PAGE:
Towards the Selection of Superior Sesame Lines Based on Genetic and Phenotypic Characterisation for Uganda

  •  Walter Okello-Anyanga    
  •  Karin Hansel-Hohl    
  •  Agnes Burg    
  •  Stephan Gaubitzer    
  •  Patrick Rubaihayo    
  •  Johann Vollmann    
  •  Paul Gibson    
  •  Silvia Fluch    
  •  Eva Sehr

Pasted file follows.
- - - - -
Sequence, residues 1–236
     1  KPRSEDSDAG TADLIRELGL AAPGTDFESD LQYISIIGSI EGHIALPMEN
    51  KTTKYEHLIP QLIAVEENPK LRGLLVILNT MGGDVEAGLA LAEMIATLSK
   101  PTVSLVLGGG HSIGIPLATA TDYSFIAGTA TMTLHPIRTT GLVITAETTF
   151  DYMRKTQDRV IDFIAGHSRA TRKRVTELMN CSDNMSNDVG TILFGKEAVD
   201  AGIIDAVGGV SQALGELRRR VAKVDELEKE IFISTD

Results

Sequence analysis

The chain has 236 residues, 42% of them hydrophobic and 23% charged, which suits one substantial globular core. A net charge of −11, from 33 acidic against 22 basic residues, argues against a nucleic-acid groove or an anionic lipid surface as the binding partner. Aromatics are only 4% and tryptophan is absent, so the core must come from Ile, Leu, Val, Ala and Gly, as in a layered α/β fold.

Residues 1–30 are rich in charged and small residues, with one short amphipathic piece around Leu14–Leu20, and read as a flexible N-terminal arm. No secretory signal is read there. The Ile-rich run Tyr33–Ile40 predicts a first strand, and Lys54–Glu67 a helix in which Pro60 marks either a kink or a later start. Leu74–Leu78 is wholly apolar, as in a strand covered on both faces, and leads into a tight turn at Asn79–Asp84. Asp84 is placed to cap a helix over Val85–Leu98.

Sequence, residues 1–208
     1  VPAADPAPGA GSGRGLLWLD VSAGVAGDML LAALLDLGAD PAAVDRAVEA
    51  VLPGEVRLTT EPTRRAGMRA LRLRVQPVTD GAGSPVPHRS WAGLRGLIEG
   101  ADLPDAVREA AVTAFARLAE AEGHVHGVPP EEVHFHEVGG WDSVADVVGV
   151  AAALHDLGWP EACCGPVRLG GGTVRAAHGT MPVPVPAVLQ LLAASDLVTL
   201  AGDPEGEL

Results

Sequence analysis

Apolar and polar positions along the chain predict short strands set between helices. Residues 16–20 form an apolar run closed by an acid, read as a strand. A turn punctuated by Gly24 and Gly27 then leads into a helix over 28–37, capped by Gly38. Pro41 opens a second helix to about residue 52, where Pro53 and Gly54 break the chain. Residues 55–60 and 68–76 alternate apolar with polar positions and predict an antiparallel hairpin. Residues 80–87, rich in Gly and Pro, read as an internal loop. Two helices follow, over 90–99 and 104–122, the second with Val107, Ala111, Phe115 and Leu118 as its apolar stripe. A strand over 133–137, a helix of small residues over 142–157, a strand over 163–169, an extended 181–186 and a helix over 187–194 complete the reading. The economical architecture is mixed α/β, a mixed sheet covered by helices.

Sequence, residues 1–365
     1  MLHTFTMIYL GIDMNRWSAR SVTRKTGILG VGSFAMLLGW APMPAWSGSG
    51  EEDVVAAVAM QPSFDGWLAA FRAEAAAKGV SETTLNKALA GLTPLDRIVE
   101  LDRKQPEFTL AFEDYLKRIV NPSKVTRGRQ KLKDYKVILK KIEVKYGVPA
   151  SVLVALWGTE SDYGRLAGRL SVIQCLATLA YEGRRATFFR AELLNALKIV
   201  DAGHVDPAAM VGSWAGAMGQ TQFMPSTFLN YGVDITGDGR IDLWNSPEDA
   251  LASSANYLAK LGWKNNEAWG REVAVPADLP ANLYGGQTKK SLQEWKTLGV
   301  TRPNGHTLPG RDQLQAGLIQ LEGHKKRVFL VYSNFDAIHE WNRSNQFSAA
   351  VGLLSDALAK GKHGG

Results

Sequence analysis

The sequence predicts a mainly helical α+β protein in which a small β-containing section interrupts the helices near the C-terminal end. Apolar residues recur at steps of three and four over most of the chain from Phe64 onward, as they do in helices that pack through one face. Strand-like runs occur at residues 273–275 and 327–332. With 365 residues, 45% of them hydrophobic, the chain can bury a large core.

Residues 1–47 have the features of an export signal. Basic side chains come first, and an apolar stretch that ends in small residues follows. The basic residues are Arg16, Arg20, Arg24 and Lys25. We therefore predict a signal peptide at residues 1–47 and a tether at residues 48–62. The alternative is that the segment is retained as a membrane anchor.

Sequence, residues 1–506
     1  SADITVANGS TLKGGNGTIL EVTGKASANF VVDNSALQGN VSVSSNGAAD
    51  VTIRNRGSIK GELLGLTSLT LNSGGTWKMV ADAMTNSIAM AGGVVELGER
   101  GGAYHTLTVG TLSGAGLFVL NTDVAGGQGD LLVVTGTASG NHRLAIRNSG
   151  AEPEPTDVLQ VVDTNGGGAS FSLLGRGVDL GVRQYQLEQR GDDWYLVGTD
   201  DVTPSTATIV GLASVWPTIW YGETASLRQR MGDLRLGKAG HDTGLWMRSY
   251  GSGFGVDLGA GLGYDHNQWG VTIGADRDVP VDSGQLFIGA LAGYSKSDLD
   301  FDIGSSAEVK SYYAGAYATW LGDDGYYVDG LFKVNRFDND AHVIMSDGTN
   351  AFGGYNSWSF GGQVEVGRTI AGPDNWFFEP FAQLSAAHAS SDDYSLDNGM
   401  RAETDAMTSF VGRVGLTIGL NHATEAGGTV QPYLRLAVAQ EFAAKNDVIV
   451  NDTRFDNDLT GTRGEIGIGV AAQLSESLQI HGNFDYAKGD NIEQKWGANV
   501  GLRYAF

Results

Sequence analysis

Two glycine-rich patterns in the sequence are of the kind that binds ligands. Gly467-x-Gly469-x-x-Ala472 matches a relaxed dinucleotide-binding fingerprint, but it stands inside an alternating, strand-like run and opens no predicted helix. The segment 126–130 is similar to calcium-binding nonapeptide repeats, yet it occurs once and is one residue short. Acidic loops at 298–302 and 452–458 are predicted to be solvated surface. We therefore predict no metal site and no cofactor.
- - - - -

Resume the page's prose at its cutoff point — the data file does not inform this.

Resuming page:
Understanding agricultural biodiversity is critical to formulate breeding strategies for crop improvement and it impacts both, conservation and collection activities. Especially germplasm collections serve as valuable resources, thus, their adequate characterisation is of utmost importance. Although Uganda ranks seventh in African sesame production, meagre research was conducted to determine the current genetic diversity among its germplasm. Therefore, in the present study part of the sesame germplasm conserved at the National Semi-Arid Resources Research Institute (NaSARRI) in Uganda focusing on 85 established lines was genetically and phenotypically characterised. Population genetic and structure analyses revealed rather a low extend of genetic diversity (expected heterozygosity [HE], or gene diversity [D]) ranging from 0 to 0.38 per entry, but a high extend of admixture within and between entries. This decrease of heterozygosity is supported by a fixation index (FST) of 0.530, indicating a medium genetic differentiation among entries. The analysis of quantitative and qualitative agromorphological traits revealed a great inter-trait variability among the entries and further indicated a certain conservation of some of the traits reflecting the geographic origin of the analysed entries. Based on both, the genetic and phenotypic characterisation, a selection of 26 superior entries is proposed, which may form a valuable basis both for farmers and breeders.

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